Obama. 'Fight nuclear terrorism'
Photo: AP
Military Intelligence Chief Amos Yadlin
Photo: Gil Yohanan

Obama urges China's Hu to get behind Iran push

US president holds hour-long phone call with Chinese counterpart, underscores 'importance of working together to ensure Iran lives up to its international obligations'. Meanwhile, Israel's IDF Planning Branch commander to travel to Beijing to present officials with intelligence on Iran

US President Barack Obama urged his Chinese counterpart Hu Jintao to work together on pressing Iran over its nuclear activities, but Hu did not openly commit to new sanctions on Tehran, according to official reports on Friday.


Israel is also trying to influence the Chinese on Iran. Military Intelligence Chief Amos Yadlin traveled to China several weeks ago to present Beijing officials with intelligence on Iran. This was a rare visit, and was approved by the top echelon after it was decided that Yadlin was the right person to present the material to the Chinese.


The IDF's Planning Branch commander Major-General Amir Eshel is also slated to travel to China in the near future for similar reasons.


Obama and Hu discussed the growing international push to curb Iran's nuclear ambitions in an hour-long telephone call that followed China's agreement on Wednesday to enter into serious negotiations over possible new UN-backed sanctions against Tehran.


Western powers say Tehran wants the means to make nuclear weapons, but China - which buys large amounts of oil from Iran - has for months fended off calls to back sanctions.


Together with China's announcement on Thursday that President Hu will attend a nuclear security summit in Washington this month, the in-depth talk between the two leaders also augured lower tensions between Washington and Beijing after a rash of disputes.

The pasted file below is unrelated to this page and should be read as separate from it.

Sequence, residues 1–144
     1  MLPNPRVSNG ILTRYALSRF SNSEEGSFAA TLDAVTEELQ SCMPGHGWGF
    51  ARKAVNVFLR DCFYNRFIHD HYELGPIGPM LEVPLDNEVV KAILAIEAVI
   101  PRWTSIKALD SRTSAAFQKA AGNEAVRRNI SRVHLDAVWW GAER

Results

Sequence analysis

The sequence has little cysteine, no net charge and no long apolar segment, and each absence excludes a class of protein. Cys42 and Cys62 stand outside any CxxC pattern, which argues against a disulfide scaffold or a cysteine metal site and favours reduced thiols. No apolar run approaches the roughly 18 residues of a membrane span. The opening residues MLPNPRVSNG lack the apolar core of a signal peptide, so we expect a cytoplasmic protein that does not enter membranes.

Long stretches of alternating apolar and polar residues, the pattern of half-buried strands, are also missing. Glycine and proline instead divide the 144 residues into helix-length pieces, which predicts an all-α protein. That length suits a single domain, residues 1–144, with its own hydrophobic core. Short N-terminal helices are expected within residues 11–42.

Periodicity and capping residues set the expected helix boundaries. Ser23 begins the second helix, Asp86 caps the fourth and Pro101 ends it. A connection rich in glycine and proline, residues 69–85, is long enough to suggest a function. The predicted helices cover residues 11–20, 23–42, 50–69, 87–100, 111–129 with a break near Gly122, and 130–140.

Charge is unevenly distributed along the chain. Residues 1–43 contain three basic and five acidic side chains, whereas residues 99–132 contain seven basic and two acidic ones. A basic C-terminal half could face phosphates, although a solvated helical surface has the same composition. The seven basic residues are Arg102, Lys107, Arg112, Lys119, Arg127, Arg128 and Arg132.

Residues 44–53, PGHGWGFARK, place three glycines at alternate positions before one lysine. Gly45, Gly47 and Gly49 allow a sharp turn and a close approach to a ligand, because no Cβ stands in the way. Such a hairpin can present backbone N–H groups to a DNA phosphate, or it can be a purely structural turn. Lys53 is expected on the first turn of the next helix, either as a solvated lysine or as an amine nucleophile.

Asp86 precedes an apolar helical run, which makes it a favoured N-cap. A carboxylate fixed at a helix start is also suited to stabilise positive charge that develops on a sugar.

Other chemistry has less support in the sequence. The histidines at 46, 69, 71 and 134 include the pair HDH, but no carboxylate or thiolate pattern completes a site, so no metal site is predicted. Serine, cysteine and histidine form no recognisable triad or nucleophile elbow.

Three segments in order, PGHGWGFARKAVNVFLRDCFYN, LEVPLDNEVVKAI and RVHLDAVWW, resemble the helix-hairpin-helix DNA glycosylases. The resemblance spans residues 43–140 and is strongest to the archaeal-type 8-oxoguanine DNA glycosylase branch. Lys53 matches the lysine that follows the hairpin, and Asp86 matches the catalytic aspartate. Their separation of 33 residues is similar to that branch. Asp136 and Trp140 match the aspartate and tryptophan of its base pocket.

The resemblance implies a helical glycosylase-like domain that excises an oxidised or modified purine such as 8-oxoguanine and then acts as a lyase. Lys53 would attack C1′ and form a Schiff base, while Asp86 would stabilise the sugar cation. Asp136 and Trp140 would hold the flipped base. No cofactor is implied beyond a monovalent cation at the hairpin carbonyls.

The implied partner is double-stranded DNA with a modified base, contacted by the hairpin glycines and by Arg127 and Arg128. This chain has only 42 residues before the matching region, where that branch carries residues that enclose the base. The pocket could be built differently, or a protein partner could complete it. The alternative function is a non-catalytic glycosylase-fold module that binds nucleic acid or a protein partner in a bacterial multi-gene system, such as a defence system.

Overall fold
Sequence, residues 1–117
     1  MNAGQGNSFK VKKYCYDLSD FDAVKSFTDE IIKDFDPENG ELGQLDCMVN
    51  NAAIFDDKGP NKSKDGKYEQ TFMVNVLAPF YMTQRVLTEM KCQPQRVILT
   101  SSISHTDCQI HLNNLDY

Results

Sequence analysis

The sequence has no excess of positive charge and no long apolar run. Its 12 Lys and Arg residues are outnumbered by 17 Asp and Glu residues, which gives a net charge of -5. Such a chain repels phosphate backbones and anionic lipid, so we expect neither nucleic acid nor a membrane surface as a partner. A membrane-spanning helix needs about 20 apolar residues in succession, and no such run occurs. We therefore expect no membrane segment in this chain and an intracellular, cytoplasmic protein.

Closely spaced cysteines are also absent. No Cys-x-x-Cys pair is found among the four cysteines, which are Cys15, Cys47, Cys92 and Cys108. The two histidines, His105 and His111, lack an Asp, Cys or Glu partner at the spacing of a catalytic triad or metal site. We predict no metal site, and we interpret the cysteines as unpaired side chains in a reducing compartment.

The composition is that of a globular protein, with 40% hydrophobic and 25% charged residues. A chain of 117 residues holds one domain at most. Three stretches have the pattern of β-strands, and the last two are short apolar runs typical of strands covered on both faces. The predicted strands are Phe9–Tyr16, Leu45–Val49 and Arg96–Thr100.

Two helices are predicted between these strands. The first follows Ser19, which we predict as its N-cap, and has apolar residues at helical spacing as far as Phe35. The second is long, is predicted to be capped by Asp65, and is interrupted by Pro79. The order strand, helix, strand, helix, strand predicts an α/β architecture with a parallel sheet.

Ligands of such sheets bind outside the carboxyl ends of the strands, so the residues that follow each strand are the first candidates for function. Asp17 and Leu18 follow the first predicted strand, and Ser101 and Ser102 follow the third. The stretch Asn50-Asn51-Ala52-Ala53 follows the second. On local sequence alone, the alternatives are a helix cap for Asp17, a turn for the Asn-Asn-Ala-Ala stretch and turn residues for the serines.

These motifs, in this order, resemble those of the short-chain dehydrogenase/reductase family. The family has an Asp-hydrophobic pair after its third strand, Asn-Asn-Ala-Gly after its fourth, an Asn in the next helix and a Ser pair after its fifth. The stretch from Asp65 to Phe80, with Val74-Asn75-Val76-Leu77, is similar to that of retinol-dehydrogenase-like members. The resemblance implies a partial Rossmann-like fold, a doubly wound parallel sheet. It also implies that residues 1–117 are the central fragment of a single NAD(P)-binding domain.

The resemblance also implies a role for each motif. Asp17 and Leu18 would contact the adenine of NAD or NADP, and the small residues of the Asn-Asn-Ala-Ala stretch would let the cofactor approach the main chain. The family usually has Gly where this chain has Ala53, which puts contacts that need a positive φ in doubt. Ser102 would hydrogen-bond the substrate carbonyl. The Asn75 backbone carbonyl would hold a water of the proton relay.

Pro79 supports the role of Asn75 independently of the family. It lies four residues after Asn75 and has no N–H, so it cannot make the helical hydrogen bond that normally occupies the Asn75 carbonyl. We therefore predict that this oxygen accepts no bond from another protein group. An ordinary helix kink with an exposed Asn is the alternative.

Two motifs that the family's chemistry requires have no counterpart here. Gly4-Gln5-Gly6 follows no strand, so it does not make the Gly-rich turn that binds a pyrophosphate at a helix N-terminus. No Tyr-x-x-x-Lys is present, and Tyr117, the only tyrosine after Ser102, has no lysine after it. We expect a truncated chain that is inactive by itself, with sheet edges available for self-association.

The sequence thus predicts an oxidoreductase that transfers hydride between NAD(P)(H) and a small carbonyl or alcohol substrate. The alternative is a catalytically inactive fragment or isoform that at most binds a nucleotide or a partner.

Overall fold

"President Obama underscored the importance of working together to ensure that Iran lives up to its international obligations," the White House said in a statement after the telephone call, which took place later on Thursday Washington time, which is Friday morning in Beijing.


Western powers say Tehran is violating international nuclear safeguards and have told it to curtail uranium enrichment work, which could eventually be used to produce fissile material for nuclear weapons.


Iran denies it is seeking nuclear weapons and says its nuclear activities are peaceful.


In remarks reported on Chinese state television, Hu told Obama that he opposes the spread of nuclear weapons, but he did not directly broach Iran or sanctions.


"China has always taken seriously the issue of nuclear security, and opposed nuclear proliferation and terrorism," said Hu.


Hanan Greenberg contributed to this report


פרסום ראשון: 04.02.10, 08:33
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